About 15 minutes after Nikki Haley took the stage at a town hall in a Des Moines suburb on Saturday, the former governor of South Carolina and ambassador to the United Nations, was heckled — twice — by men demanding to know her views on Taylor Swift.
Members of the crowd booed, and both questioners were escorted out. Ms. Haley — who often tells audiences in Iowa, New Hampshire and South Carolina that she is no stranger to dealing with hostile actors — took a beat.
Then, she smiled.
“Remember how blessed we are that we have freedom of this speech in this country,” she said, scanning the crowd. Then, after a smattering of applause, Ms. Haley went back to her message about slashing federal spending.
Ms. Haley’s mastery of moments like these, in front of crowds and in the first two Republican debates — during which she successfully fended off interruptions and delivered pithy, memorable one-liners — has delivered buzz, attention and money.
But her successes, while notable, are qualified: She and the rest of the pack are polling significantly behind former President Donald J. Trump. And both nationally and in first-in-the-nation Iowa, she lags behind Gov. Ron DeSantis of Florida.
To boost her chances, Ms. Haley is banking on events like Saturday’s town hall, an intimate gathering of around 150 people in a nondescript ballroom festooned with campaign posters.
Ms. Haley staged a kind of political theater in the round, standing on a platform surrounded by audience members on all sides. Dressed casually, Ms. Haley played more to the crowd than to the cameras. She emphasized her small-town origins and nodded to her alma mater’s football team, Clemson. Though one-liners have challenged some of her rivals, Ms. Haley’s jokes elicited the desired response.
Yet even as she commanded a room filled largely with people leaning toward supporting her, Ms. Haley still had yet to fully win some over.
Nancy Vaught, of West Des Moines, said that she had been impressed with Ms. Haley’s performance in the debates and was drawn to her experience, particularly her record on international affairs. “Our world is in really dire straits,” Ms. Vaught said, “and we need somebody to take control who can deal with the international world.”
But Ms. Vaught also said that she had not ruled out the other candidate with international experience in the race: Mr. Trump.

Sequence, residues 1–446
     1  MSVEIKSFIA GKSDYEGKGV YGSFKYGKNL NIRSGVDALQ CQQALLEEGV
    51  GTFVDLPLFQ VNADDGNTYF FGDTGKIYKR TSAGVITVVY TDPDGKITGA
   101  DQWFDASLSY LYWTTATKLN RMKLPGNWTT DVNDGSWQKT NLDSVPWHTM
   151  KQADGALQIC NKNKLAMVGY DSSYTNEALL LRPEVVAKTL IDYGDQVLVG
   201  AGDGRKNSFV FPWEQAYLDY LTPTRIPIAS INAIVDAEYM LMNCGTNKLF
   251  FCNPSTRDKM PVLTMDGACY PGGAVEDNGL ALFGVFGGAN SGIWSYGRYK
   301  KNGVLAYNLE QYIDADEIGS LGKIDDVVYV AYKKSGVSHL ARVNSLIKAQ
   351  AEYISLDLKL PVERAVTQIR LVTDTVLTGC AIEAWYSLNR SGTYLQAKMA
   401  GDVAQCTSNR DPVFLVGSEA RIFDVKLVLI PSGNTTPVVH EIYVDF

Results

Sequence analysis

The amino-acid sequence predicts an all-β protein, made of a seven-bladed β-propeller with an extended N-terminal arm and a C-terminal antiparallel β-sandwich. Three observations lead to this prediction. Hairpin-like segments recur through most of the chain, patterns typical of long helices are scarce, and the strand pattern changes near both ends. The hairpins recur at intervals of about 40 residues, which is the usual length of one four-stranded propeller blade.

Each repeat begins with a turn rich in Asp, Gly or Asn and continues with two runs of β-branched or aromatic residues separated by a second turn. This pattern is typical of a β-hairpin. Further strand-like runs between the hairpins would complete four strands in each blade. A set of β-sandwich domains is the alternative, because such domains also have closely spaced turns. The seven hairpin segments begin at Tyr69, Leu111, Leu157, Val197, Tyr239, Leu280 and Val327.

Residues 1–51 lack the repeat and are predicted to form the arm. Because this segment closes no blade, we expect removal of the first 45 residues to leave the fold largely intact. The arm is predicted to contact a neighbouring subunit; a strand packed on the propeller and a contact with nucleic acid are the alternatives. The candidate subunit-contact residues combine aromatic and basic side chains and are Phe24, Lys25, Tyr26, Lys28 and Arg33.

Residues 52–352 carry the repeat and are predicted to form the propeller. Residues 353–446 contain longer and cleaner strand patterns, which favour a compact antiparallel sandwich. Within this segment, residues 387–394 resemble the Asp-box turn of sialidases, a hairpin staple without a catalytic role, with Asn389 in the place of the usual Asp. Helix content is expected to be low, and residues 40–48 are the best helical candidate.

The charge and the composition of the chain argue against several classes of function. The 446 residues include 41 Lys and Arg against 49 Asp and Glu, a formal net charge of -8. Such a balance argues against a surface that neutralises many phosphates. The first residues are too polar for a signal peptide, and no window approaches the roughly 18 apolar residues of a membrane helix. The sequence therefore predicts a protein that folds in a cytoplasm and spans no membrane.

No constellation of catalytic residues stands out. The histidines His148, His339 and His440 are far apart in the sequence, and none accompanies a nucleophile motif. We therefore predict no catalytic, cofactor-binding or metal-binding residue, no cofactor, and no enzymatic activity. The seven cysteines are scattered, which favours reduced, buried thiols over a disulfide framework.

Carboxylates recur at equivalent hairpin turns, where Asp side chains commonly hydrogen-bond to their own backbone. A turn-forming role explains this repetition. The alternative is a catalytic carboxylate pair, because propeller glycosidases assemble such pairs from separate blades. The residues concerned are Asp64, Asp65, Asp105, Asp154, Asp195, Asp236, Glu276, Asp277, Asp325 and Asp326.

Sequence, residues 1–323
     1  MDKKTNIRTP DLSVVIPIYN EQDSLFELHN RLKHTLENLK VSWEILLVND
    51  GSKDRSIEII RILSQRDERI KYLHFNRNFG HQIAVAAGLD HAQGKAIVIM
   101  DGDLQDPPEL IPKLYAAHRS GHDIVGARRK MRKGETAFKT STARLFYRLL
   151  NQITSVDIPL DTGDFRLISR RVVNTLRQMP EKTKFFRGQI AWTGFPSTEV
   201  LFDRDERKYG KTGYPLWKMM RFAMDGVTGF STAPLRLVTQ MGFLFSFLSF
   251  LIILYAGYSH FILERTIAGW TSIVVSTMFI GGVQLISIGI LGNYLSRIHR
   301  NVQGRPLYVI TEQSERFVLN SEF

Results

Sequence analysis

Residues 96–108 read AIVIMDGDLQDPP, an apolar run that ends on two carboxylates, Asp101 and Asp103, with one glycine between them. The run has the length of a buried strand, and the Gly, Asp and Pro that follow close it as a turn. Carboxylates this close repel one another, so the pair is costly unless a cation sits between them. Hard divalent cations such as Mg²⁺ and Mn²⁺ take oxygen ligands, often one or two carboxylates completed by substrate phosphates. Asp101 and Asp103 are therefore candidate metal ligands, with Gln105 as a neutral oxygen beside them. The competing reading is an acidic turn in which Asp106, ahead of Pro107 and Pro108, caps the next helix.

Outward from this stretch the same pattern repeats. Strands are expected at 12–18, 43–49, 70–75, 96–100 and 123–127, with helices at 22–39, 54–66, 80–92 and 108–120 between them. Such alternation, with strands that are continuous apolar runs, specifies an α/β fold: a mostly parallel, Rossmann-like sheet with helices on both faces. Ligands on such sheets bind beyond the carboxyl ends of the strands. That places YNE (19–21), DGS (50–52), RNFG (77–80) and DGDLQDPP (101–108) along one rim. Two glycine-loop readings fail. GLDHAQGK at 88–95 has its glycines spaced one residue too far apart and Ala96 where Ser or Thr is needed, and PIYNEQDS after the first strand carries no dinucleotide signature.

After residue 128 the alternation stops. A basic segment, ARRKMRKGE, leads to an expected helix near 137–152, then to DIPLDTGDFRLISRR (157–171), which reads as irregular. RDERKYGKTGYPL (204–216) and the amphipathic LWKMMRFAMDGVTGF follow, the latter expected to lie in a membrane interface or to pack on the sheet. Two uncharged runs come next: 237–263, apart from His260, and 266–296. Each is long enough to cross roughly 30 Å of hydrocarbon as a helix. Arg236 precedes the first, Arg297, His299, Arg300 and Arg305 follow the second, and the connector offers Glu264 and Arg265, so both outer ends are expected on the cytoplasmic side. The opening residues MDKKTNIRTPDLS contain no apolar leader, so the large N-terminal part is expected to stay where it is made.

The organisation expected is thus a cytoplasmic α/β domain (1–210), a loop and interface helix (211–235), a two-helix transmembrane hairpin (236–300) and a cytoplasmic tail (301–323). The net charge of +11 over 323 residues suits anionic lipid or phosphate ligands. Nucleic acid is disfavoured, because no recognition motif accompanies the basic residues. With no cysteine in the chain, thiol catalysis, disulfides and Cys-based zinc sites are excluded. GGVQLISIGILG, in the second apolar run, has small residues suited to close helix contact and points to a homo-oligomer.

The former president and his team appear to be considering Ms. Haley a more serious contender. During Wednesday’s debate, the Trump campaign sent a news release assailing her for not being conservative enough.
On Friday, Mr. Trump attacked Ms. Haley on Truth Social, his social media platform, referring to her as “birdbrain” and criticizing her for running despite having told Fox News in February that “I’m glad she’s running, I want her to follow her heart.”
Ms. Haley appeared to take the broadside in stride, posting a screenshot of it on X, the platform formerly known as Twitter, with the caption: “Love this. It means we are in 2nd and moving up fast!” She added: “Bring it!”
Though Ms. Haley, 51, did not criticize Mr. Trump by name at her town hall in Clive, she did criticize the $2 trillion coronavirus relief bill he signed in 2020. She also said that Republicans needed “a new generational conservative leader” if they wanted to win the popular vote in 2024. Mr. Trump, 77, did not win it in 2016 or 2020.
With Mr. Trump the clear front-runner, Ms. Haley’s campaign has been trying to court Republicans opposed to his renomination or worried about his electability in a general race.
Charlie Johnson, 69, who attended the Clive event, said that he initially backed Mr. DeSantis before the governor committed “blunders” that “put me off him.”
Mr. Johnson, of Council Bluffs, pointed to a controversy over Florida’s standards for teaching about slavery in schools and Mr. DeSantis’s rhetorical vow to start “slitting throats” if elected, a reference to his plans to pull apart the federal bureaucracy.
Ms. Haley’s performance in the debates, Mr. Johnson said, had partially won him over. But her experience helped seal the deal.
“I got off the DeSantis train,” Mr. Johnson said. “And I really liked Nikki, so that’s where I’m at now.”
Yet many of the same elements of Ms. Haley’s pitch — her age, her political experience and her track record in a governor’s mansion — are shared by Mr. DeSantis.
Advisers to Ms. Haley will next month attend a meeting of a network of megadonors, where they and advisers to Mr. DeSantis are expected to make a pitch to those who are considering whether investing in a candidate other than Mr. Trump may be worthwhile.
But in Clive, Ms. Haley was mainly focused on winning over the audience in front of her, telling the crowd that she would not shy away from hard truths, and that she would not dodge questions — including from hecklers.
“I think we do need to give it to these fellas that happened to show up,” she said, about 20 minutes after her stump speech had been interrupted. “Yes, I do like Taylor Swift.”